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The Benefits of Mindful Menopause

Aug 05, 2021

Spending a bit more time in the present moment can ease many menopause symptoms.

 

By Selene Yeager

 

As your hormones fluctuate and drop, they can take your peace of mind with them, leaving you more prone to feeling anxious, irritable, and depressed. A daily dose of mindfulness may help.

 

A study of 1,744 women ages 40 to 65 published in Climacteric: The Journal of the International Menopause Society found that women who scored higher on the Mindfulness Attention Awareness Scale (MAAS) had lower menopause symptom scores for irritability, depression, and anxiety.

 

Mindfulness comes up a lot in menopause circles for relieving stress (which is known to rise and exacerbate symptoms during this time) and improving sleep (which also can relieve stress and other symptoms like anxiety).

 

But what the heck is mindfulness really? It’s really just taking a moment. It doesn’t have to be another thing to add to your daily “to-do.” It’s something you can slip right into your day when you’re feeling frazzled, during a coffee or meal break, or anytime you have a moment where you can just sit and breathe. Because that’s all you need to do. Sit and breathe.

 

Mindful.org recommends sitting in a place that feels calm (if that means locking yourself in the bathroom for a few minutes, so be it!), setting a timer for 5 minutes, and focusing on your breath. Your mind will naturally wander, but just nudge it back to your breath, without worrying that you’re “not doing it right” because you have thoughts floating around.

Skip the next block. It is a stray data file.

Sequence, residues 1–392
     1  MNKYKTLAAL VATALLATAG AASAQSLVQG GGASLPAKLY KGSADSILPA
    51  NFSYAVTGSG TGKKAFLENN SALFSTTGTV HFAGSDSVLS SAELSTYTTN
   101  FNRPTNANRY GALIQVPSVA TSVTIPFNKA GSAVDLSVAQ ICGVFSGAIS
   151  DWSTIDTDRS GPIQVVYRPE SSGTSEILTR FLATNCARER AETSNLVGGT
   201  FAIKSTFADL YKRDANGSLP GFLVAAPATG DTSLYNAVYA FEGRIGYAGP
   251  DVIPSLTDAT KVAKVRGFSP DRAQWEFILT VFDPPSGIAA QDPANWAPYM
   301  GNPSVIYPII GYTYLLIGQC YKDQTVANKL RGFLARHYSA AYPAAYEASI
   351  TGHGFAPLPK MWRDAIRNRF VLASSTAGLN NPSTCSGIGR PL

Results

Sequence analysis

Once you start practicing mindfulness, it should start to come more naturally. And the benefits of being more naturally mindful aren’t just fewer menopause symptoms, though that alone is worth it, but mindfulness itself.

 

If you look at the MAAS questionnaire, it rates daily experiences such as forgetting people’s names immediately after learning them; spilling or breaking things because you’re not paying attention to what you’re doing; snacking without being aware of what you’re eating; half listening to people when they’re talking to you, and a host of other actions that many of us can relate to. Doing fewer of these things less often and living more fully in the moment we are in can help improve just about everything we do, regardless of our menopausal state.

 

 

 

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